By Lindsay Toler
By Chad Garrison
By Brett Koshkin
By RFT Staff
By Lindsay Toler
By Riverfront Times
By Danny Wicentowski
By Pete Kotz
Whether the Saugets should feel guilty about their village's peculiar success is a contentious matter, one seeped in the institutional atrophy of a short-lived gilded age gone terribly awry.
Named in honor of the Monsanto Company's founding family, Queeny Avenue snakes eastward from Highway 3, passing the aptly named Dead Creek and Sauget's 1950s-era village hall before T-boning shortly after performing its final function as one of the village's three primary residential streets.
On Queeny the homes are modest and lack any sense of conscious aesthetic unity. Lawns are tidy and pickup trucks oft-utilized, with union stickers proudly displayed on rear bumpers. Out on the sidewalks -- a luxury 'round these parts -- blue-and-white Belleville News-Democrat receptacles await the daily headlines alongside standard black mailboxes with red flags and gold numeric stickers. The Post-Dispatch, it would seem, is not the paper of record in St. Clair County. For many here, the big city across the river might as well be a solar system away.
"There are people on this side who think you need a passport to cross that river," says Cahokia native Bob McDaniel, director of the peculiarly named St. Louis Downtown Airport, which straddles the Sauget-Cahokia border.
"There's no place in the world like Sauget," adds the new mayor, Rich Sauget Jr. "You could have no idea you're living in a metro area. We had an officer drive someone across the bridge the other day, and he was like, 'Oh, wow!' He hadn't been to St. Louis in fifteen years. They think we're on the other side of the world."
Tall, bespectacled and boasting a baby face that contrasts sharply with his prematurely graying hair, Sauget Jr. was the youngest member of the village's board of trustees before being appointed to fill the office of mayor until the next election, in 2005. He was the only resident who expressed interest in the $24,000-per-year job when his great-uncle resigned amid the lingerie scandal; presumably, his candidacy went unchallenged because he was the lone trustee to hold the only credential that's ever mattered in the mayor's office: the surname Sauget.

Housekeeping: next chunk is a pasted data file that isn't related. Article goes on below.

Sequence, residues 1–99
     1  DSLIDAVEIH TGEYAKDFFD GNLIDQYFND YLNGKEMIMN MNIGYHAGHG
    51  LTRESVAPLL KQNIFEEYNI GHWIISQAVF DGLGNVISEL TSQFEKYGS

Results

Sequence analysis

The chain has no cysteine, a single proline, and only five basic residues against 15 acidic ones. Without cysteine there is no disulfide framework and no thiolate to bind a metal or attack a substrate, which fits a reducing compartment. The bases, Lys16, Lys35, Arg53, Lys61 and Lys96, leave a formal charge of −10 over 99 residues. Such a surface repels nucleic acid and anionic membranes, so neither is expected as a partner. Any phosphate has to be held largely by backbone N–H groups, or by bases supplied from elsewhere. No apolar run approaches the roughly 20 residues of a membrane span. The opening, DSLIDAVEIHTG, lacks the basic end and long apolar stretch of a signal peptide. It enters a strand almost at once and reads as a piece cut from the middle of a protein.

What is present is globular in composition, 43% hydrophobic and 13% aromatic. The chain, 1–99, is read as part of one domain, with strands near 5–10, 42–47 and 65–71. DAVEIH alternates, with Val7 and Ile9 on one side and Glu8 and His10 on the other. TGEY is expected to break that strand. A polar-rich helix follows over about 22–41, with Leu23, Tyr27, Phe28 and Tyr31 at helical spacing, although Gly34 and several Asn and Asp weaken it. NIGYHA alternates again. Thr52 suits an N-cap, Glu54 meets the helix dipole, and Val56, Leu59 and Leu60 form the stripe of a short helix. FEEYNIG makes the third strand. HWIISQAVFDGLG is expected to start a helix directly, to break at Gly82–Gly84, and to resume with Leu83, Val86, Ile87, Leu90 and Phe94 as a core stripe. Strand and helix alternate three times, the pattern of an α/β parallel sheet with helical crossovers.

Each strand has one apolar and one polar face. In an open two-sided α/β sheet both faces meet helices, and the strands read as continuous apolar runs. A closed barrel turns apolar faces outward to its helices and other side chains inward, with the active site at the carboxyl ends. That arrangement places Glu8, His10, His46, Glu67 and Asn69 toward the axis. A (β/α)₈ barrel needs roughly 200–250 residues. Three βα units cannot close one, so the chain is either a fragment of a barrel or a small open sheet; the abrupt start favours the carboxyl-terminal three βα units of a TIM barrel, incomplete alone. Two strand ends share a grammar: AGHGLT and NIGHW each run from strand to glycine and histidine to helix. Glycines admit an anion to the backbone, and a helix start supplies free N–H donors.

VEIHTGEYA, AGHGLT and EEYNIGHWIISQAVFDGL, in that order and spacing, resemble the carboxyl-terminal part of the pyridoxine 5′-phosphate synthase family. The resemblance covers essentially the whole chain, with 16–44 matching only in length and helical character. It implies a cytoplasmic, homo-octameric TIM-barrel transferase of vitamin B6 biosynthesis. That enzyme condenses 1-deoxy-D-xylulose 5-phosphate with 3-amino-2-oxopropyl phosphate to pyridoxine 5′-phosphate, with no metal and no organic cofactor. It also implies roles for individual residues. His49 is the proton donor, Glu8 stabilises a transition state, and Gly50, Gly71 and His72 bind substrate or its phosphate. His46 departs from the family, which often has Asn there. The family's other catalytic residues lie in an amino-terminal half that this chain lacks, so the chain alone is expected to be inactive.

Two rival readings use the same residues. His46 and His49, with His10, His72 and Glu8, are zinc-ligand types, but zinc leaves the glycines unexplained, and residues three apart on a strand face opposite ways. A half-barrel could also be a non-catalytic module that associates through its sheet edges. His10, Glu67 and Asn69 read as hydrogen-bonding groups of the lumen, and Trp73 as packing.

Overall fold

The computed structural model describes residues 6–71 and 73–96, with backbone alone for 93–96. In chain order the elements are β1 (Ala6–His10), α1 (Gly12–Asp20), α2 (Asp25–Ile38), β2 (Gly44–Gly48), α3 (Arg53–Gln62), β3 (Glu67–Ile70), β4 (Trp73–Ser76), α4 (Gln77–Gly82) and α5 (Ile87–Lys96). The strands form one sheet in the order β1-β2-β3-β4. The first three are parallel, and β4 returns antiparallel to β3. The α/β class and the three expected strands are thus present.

"Basically, everybody has the perception that we own the town," Sauget acknowledges, not without a tinge of sarcasm.
Rich Jr. lives with his expectant wife and two kids (the third will join the family any day now) in a white one-story house on Ogden Avenue, which intersects the avenues of Little, Queeny and Nickell. That last road, the most southerly of the three, is named for Dr. Lloyd F. Nickell, the original operations manager at Monsanto's east-side plant. According to D.J. Forrestal's Faith, Hope & $5,000: The Story of Monsanto,the St. Louis-based chemical giant acquired the plant, previously known as Commercial Acid Company, in 1918, instantly doubling its employee rolls and expanding its production capabilities to include sulfuric acid, zinc chloride, chlorosulfonic acid and salt cake, an impure form of sodium sulfate. In 1997 Monsanto spun off its east-side operations into a self-sustaining company called Solutia, with the new entity assuming the role of the chemical behemoth's ugly stepson on the east bank of the Mississippi.
The mayor's younger sister, 26-year-old Annie Sauget Miller, lives "one block over and three houses down" on Nickell and earns her keep doing some marketing for her father's many business ventures and by redesigning the interior of the Oz, one of the two nightclubs opened by her late uncle Vincent Sauget and now operated via a trust set up by Vincent's widow, Charlotte. Rich Sr., patriarch and prominent regional real estate developer, lives next door to his son in a massive, stone-cut edifice that resembles a French country manor, a home in which one assumes his family's European ancestors would have felt right at home.
The first Saugets, Antoine and Victorine, arrived in St. Clair County in 1848, by way of France and New Orleans, with their five-year-old son, Armand, in tow. Years later, with the cooperation of wife Pauline, Armand Sauget would beget thirteen children, among them Leo. A farmer by trade who didn't see much sense in changing out of his overalls before conducting official village business, Leo Sauget would go on to help organize and incorporate Monsanto in 1926 and served as its mayor from then until 1969, by which point the town had voted to rename itself in his honor. While the change in nomenclature was not without a healthy dose of sincere appreciation for the man and his years of service, there are varied opinions as to what really prompted the shuffle. Some say it was intended to eliminate longstanding confusion among postal couriers, while others suspect it was a public-relations ploy by the chemical company to divert regulatory attention at a time when the environmental movement was crawling out of its infancy.
Rich Sr., Leo Sauget's grandson, moved his family to the village from Belleville, the St. Clair county seat, in 1985. Both Riches played college baseball and football at Notre Dame and are the only known father-son tandem in Fighting Irish history to letter in both sports. Big Rich, a catcher, was up for a cup of coffee in the majors with the Atlanta Braves, though he never got into a game. Fittingly, he first donned a big-league uniform in the visitors' dugout at Busch Stadium, where, he says, the first player to greet him was the great Henry Aaron. Rich Jr. spent a short while pitching in the Chicago White Sox minor-league system before returning to Sauget to work for his father in the real estate business -- Rich Jr. owns a pair of Quiznos Classic Subs franchises and helps his dad manage a portfolio of properties in the St. Clair County area -- and, perhaps more important, to begin a career in public service.